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Tag: the new yorker fiction podcast

Short story: “Miracle Polish”

“Miracle Polish,” by Steven Millhauser

Appeared in the New Yorker, November 14th, 2011 (read here), and read by Stuart Dybek for the New Yorker Fiction Podcast, November 1st, 2018 (listen here); also anthologized in The Best American Short Stories 2012 (Heidi Pitlor and Tom Perrotta)

6,482 words

I listened to this story in two parts and in between the parts I forgot that it was in first person. The narrator’s life seems almost too depressing for first person. Millhauser captures a sense of muted despair, a despair too muted, too drenched in mediocrity and banality, even to be satisfyingly painful. At the end, I wonder if his terrible choice even matters; he’s already irrevocably addicted to what the mirrors show him, and things would have ended just as wretchedly if he had deliberately chosen Miracle Polish over Monica.

That repeated “Are you?” is so awful. You just want it to stop! A good scene, though I suppose you can see where it’s going after a certain point.

I was surprised when I saw the story on the page to notice all the commas and comma splices in the first two sentences. I wonder why Millhauser made that choice? Maybe to show the narrator’s impatience?

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Short story: “New York Girl”

“New York Girl,” by John Updike

Appeared in the New Yorker, April 1st, 1996 (subscribers can read here, I think); read by Tessa Hadley on the New Yorker Fiction Podcast, September 3rd, 2018 (listen here)

Several thousand words, I imagine

I haven’t read much Updike. I rather like this, especially the last few lines, where—as Hadley and Treisman point out—the dream the protagonist cherished, represented by this sometime lover, is gently obliterated. Though I personally never got a strong sense of what that dream was—too subtle for me maybe.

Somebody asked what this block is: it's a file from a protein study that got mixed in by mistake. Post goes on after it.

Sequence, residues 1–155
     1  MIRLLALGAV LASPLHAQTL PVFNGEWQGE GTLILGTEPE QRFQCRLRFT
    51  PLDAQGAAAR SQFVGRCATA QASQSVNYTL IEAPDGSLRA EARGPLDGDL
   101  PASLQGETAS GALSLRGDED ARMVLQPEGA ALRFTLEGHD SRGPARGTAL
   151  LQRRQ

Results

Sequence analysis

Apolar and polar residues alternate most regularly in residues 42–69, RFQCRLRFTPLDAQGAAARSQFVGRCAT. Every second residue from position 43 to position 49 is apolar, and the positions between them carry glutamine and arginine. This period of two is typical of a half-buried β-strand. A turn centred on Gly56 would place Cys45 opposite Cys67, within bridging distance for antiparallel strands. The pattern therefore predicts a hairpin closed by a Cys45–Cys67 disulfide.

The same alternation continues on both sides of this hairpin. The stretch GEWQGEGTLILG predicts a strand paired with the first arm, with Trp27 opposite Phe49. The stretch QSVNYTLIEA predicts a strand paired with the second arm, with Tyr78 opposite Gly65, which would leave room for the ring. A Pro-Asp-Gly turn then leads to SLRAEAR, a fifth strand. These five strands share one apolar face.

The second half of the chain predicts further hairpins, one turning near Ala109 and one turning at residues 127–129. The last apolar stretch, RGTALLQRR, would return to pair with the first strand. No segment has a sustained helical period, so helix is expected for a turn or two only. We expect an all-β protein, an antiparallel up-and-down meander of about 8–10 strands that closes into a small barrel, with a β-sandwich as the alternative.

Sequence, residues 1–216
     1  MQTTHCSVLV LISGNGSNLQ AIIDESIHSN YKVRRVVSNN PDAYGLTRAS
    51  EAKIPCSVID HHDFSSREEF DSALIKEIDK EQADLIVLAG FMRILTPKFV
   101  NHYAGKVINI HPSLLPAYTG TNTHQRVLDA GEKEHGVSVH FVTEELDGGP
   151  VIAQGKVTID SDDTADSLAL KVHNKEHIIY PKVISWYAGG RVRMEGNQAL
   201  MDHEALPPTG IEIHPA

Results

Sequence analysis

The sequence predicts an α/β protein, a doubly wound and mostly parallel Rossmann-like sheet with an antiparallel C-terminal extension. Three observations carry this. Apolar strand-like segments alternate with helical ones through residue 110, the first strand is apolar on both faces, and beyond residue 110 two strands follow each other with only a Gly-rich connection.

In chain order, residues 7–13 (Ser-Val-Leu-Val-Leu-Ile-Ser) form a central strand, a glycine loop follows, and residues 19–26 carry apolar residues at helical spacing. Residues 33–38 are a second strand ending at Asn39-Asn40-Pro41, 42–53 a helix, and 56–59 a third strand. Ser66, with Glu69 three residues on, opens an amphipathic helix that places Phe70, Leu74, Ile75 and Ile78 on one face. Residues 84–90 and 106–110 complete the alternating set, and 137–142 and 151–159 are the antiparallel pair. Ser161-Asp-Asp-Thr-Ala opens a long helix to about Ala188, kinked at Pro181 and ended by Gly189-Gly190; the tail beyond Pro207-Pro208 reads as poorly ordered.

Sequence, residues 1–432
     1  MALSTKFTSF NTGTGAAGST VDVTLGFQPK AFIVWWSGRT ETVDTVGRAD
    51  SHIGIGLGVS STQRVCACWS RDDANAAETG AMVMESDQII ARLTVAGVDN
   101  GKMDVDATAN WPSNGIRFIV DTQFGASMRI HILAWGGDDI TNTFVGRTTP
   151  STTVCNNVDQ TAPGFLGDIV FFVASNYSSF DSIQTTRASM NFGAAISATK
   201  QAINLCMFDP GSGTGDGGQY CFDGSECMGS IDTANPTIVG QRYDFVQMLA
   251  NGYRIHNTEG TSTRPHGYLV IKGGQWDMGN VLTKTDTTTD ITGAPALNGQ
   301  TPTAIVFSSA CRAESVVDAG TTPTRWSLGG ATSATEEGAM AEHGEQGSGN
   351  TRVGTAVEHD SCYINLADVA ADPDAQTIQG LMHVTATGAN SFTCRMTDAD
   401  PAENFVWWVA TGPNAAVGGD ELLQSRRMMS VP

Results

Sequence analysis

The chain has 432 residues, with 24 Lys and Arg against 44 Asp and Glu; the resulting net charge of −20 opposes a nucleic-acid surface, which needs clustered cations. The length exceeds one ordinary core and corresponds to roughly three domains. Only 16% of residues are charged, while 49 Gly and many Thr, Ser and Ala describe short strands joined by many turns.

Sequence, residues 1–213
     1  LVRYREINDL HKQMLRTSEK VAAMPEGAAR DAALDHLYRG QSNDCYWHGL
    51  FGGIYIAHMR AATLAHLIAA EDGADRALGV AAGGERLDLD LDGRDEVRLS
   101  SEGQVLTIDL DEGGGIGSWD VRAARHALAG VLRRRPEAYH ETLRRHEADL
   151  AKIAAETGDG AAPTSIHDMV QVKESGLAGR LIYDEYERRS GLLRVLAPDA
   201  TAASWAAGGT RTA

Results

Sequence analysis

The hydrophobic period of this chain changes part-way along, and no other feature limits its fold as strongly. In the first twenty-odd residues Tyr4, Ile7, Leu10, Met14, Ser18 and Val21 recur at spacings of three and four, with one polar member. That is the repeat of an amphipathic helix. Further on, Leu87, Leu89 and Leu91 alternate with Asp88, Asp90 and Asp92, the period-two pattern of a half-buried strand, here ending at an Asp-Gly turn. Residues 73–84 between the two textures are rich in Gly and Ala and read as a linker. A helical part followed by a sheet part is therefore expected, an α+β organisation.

Short story: “Jack’s Garden”

“Jack’s Garden,” by V. S. Naipaul

Appeared in the New Yorker October 6th, 1986 (online to subscribers here); read by Karl Ove Knausgaard for the New Yorker Fiction Podcast episode released June 1st, 2016

A lot of words

I was barely able to follow this story on the podcast. I have to agree with Knausgaard that it’s “boring,” but unfortunately I didn’t recognize the redeeming quality he sees in it. At the end it did feel like there was a small, meaningful revelation—too late to capture my attention.

Short story: “Stone Mattress”

“Stone Mattress,” by Margaret Atwood

Appeared in the New Yorker, December 19th, 2011, online here; collected in Stone Mattress: Nine Wicked Tales (Nan A. Talese, an imprint of Knopf Doubleday, 2014); read by A. M. Homes for the New Yorker Fiction Podcast, June 1st, 2018, online here

7,156 words, though it feels much shorter

(Spoilers.) Verna is charmingly believable. It seems like such a leap from her quiet, almost passive-aggressive husband murders (and not all of them even qualify as murders, I feel like) to the swift brutal one she enacts on Bob—I wasn’t sure if she could go through with it. But then she did. And I liked it.

What to make of the ending? I think she’s going to get away with it, but it’s striking how apathetic she is about the whole plan, how distractable. “She ought to care more about that—she ought to find it an exciting challenge—but right now she just feels tired and somewhat empty.

“Though at peace, though safe.” Is she lying to herself about feeling at peace? Surely she is. Surely her revenge hasn’t solved the problem of her life, her bitterness about the long-lasting effects of her trauma.

Edited to add: “kind, soft, insulating money” is so great. Listening to the podcast, I was waiting for the noun (“love,” perhaps?) and “money” came as a delightful surprise.

Short story: “The Surrogate”

“The Surrogate,” by Tessa Hadley

Appeared in the New Yorker (online here), September 15th, 2003; read by Curtis Sittenfeld on the New Yorker Fiction Podcast, September 1st, 2017 (online here)